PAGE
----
The PhD in Creative Writing falls within the category of ‘Creative and Performing Arts’, which permits the thesis to take the form of a portfolio of original works, to be accompanied by a commentary, placing the portfolio in its intellectual context. The PhD in this area is understood to constitute research into a subject, research into a form, and research into the relation between them. This research discipline constitutes a practical, experimental and empirical mode of research, in which the creative work-in-progress is the central site of research, while the essay represents an analysis and elucidation of and commentary on the choices made in that research.
The requirement is in two parts: a book-length creative work, and a critical essay.
The creative work may take the form of:
- a novel, or
- a collection of short fiction (which may be designed as a composite novel or may include or comprise work in the novella form), or
- an anthology of poetry, or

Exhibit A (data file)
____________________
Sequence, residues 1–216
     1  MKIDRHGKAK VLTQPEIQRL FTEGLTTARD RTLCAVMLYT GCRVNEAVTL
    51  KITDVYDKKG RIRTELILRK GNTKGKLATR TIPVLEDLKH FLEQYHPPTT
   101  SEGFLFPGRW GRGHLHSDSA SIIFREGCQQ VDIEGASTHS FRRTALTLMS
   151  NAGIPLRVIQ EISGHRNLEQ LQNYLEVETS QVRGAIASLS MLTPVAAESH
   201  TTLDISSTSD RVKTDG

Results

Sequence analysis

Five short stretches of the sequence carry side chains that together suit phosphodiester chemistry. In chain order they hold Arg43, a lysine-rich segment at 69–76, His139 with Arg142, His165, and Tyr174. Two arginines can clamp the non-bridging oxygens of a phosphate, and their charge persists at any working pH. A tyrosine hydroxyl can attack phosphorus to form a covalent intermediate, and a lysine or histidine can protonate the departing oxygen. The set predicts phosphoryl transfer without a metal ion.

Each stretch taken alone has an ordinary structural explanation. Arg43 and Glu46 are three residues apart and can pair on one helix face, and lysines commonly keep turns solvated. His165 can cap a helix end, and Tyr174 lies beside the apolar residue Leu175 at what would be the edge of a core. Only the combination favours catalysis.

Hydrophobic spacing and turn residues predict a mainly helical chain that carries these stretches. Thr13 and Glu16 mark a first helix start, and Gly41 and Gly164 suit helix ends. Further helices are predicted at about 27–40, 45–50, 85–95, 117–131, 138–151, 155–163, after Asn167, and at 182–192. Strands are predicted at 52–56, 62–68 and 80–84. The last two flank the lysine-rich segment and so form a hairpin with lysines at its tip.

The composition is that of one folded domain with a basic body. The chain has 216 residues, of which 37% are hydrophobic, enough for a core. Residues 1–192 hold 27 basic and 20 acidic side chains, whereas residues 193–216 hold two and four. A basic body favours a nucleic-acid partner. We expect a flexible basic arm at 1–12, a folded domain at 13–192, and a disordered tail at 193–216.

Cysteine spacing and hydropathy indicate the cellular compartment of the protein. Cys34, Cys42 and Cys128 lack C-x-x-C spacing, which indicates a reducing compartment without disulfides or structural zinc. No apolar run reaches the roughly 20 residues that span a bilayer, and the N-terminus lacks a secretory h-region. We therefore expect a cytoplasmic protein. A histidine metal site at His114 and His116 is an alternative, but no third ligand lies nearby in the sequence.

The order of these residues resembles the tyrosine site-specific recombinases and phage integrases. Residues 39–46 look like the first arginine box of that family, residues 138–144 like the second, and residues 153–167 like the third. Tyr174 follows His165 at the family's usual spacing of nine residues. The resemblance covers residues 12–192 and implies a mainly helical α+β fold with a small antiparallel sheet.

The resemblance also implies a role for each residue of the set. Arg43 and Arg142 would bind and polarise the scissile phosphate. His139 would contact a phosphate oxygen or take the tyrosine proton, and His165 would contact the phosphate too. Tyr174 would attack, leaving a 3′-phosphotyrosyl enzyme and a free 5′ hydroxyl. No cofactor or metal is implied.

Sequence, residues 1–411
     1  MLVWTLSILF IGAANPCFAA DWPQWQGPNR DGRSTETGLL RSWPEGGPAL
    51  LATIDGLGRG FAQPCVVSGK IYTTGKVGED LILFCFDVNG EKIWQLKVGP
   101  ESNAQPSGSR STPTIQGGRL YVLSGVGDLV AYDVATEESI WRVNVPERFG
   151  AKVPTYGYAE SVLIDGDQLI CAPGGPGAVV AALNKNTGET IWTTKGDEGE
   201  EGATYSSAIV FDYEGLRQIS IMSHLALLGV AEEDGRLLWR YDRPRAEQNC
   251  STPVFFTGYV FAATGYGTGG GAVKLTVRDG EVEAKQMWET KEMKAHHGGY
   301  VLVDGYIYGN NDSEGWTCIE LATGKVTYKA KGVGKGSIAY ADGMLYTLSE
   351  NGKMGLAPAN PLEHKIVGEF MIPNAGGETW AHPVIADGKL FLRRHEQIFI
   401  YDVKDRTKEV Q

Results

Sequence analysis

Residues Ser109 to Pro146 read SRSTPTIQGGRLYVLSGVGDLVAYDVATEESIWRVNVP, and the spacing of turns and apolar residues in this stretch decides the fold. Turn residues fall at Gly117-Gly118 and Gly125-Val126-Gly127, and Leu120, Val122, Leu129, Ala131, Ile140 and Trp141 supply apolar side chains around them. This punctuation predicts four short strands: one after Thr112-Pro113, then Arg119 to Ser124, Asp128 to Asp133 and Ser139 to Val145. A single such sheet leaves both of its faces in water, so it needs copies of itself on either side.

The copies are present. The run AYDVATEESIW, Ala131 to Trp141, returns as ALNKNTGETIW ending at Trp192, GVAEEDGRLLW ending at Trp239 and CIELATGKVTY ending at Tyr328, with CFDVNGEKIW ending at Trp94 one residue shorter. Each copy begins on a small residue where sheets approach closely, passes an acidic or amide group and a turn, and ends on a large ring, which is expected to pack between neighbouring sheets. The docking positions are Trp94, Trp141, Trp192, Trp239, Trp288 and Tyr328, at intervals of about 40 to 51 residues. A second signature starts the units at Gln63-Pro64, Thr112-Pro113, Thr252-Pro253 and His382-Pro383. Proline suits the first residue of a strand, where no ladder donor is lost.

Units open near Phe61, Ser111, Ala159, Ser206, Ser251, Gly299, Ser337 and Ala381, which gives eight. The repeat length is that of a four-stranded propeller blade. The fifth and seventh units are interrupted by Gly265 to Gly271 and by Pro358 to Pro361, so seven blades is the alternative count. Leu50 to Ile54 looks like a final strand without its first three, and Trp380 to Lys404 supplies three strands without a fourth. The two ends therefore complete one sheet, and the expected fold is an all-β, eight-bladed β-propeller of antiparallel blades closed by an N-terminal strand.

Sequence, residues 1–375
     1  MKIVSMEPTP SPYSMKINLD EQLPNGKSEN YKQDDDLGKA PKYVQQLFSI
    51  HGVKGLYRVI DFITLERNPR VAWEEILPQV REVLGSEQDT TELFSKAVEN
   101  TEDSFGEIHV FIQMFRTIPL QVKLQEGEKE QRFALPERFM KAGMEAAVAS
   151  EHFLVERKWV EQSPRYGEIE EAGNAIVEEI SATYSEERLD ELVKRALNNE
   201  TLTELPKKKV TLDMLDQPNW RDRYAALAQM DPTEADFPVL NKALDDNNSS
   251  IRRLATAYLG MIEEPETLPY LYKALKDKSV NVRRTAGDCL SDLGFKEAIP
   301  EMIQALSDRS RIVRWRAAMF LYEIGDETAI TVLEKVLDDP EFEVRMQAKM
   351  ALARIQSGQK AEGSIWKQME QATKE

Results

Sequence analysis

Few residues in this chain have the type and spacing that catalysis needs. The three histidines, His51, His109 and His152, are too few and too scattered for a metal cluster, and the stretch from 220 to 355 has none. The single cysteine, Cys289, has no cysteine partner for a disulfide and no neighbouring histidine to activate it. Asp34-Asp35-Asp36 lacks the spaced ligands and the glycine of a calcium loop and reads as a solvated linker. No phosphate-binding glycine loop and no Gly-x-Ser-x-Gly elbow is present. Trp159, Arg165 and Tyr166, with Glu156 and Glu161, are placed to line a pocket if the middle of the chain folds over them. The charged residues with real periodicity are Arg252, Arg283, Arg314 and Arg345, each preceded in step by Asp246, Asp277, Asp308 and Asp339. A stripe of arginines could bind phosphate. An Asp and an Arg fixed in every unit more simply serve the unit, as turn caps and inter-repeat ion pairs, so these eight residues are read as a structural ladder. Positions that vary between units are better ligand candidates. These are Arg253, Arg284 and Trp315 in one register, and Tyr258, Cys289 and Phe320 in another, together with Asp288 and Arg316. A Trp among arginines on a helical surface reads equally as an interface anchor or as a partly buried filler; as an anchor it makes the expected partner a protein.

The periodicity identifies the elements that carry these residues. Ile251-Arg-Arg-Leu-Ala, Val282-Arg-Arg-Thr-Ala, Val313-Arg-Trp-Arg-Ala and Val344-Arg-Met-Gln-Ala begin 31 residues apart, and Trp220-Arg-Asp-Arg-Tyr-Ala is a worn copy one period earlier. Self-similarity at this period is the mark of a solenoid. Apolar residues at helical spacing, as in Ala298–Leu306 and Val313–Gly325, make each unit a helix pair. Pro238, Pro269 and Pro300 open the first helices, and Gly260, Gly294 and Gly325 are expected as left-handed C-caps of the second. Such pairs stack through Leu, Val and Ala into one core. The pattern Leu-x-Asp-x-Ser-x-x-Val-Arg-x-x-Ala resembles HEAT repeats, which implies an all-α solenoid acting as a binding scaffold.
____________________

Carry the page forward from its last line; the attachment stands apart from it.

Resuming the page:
- a long poem, or
- a play for stage or radio (or both), or
- a work of creative non-fiction.
- A work of prose fiction or creative non-fiction should be approximately 80,000-100,000 words in length.
- The critical essay should be around 20,000 words in length.
- An anthology of poems or a long poem should be up to 10,000 words in length (i.e. roughly equivalent to a 50-poem collection).
- A work of drama should take the form of a fully-realised two-act play, suitable for production, each act designed to last about one hour.
- A feature length film script of 1 1/2 to 2 hours duration ( 90 - 120 pages), properly formatted.
While the creative work is considered as the scholarly heart of the PhD, the critical essay should engage with the choices made in the creative work, addressing, for example: concept and process; drafts and revisions; questions of style (lexis, diction, voice or voices, setting, plot or fable, perspective or perspectives); theme; characterisation; the research undertaken for the book; historical and cultural context; where the work stands in relation to other works in the chosen genre and tradition; any other relevant issues.
The individual is not required to address all these issues in an equivalent way but to shape the essay in a fashion appropriate to the specific creative work. The essay demonstrates the candidate’s capacity to think critically about and comment on the processes involved in its conception, development and revision.
Submission of the thesis is followed by an oral examination of the thesis (viva) by two examiners who are not your supervisors, one of whom is external to the University.